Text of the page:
Up here in the midwest, it looks like spring may be here.
With the return of warm weather, many pilots will be thinking of getting their airplanes out of the hangar and going for a $100 hamburger or to their first fly-in of the season. This brings up the question: What should a pilot do before flying an aircraft that has been sitting for a while?
Looking at it from a fuels and lubricants angle, the most important item is the crankcase oil. Crankcase oil should be changed before you put the plane away for the winter.
And while crankcase oil does not wear out, it becomes contaminated with very small particles of dirt and metal, as well as with unburned fuel and the acid that can form while the plane is sitting.
Whenever an engine is started, raw fuel is pumped into the inlet of the engine in order to have a rich enough mixture to start. Some of this raw fuel gets into the cylinders and, on start up, is not completely burned. This is usually on the cylinder walls and it subsequently ends up in the crankcase, where the sulphur in the fuel combines with the moisture from condensate to form acid.
Over time, this acid will attack the cam and lifters and other wear surfaces to form rust. This rust on startup will act as a rubbing compound to start wear on critical surfaces.
That’s why changing the oil before winter storage is critical. Coating all of the engine parts with fresh clean oil is the most important maintenance item before you put your plane away for the winter.
So if you changed the oil before putting your plane in storage, it should be good to go — maybe.
During those months in storage, your engine draws in warm moist air. Then at night, it will cool down and moisture will drop out. This means there will be moisture in the oil when you start it in the spring.
When you start flying your aircraft again in the spring, your engine oil temperature needs to be in the 180°F range to ensure that you boil off the water in the oil during flight. As oil passes through an engine, it will normally pick up 50°F at the warmest spots. You need to take steps to ensure your oil temperaturs hits the 180° mark during cruise conditions.
An exception to these suggestions is if you filled your crankcase with a preservative oil before storage for the winter. Preservative oil is based on straight mineral oil, so I would recommend changing to an ashless dispersant or AD oil for your more active flying periods.
What about the fuel system?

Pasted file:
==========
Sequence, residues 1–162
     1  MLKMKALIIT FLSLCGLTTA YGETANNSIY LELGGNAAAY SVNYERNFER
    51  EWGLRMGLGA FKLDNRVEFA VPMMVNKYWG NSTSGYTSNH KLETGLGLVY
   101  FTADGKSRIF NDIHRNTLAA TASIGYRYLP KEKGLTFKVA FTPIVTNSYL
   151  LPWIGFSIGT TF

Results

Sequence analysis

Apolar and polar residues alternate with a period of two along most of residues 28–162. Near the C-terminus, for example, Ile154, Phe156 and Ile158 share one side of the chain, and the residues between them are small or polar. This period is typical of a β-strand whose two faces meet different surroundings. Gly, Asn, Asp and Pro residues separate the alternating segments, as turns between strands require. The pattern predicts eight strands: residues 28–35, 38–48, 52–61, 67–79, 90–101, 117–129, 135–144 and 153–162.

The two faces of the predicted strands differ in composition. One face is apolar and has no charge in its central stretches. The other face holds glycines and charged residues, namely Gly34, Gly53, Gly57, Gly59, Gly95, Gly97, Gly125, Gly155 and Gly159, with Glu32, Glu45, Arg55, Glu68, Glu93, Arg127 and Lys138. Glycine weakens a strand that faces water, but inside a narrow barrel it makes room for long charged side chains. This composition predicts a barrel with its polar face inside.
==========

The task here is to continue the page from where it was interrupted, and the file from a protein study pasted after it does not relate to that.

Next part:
There is not too much that needs to be done to the fuel system prior to the start of your spring flying.
If your aircraft was stored in a hangar, there may be a small amount of condensate in the tanks. If your aircraft was tied down out in the elements, there is a greater chance of water in the fuel tanks.
If you sump your tanks a few times and rock the plane in between, you should get most of the water out.
An exception here is if you have a bladder tank in which the bottom has rippled. Then you may need to take some extra measures to ensure that all of the water is removed.
In some tests conducted years ago, they found more than a quart of water could be trapped in those ripples that would not drain out with normal sumping.
The 100LL in your tank should still be good and on spec after the winter. It will usually store for over a year without forming gum. If you are using mogas, it should be good for at least six months. But if you have fuel containing ethanol in your plane, you are on your own.
Grease is the word
The other thing to check is grease.
Everything should be fine here, especially if your aircraft was stored inside.
If your aircraft is tied down out in the elements, you need to carefully check all control surfaces and their movement points. Rain and snow can get into them and freeze. This could cause binding or improper drag, so check and lubricate as necessary.
If your plane is in the elements, water also can enter the wheel bearings and lead to problems. Carefully inspect and re-pack the wheel bearings if needed.
There are a lot of other things on the airframe that need to be checked, like baffles and seals. So, take your time and do a complete inspection before heading out.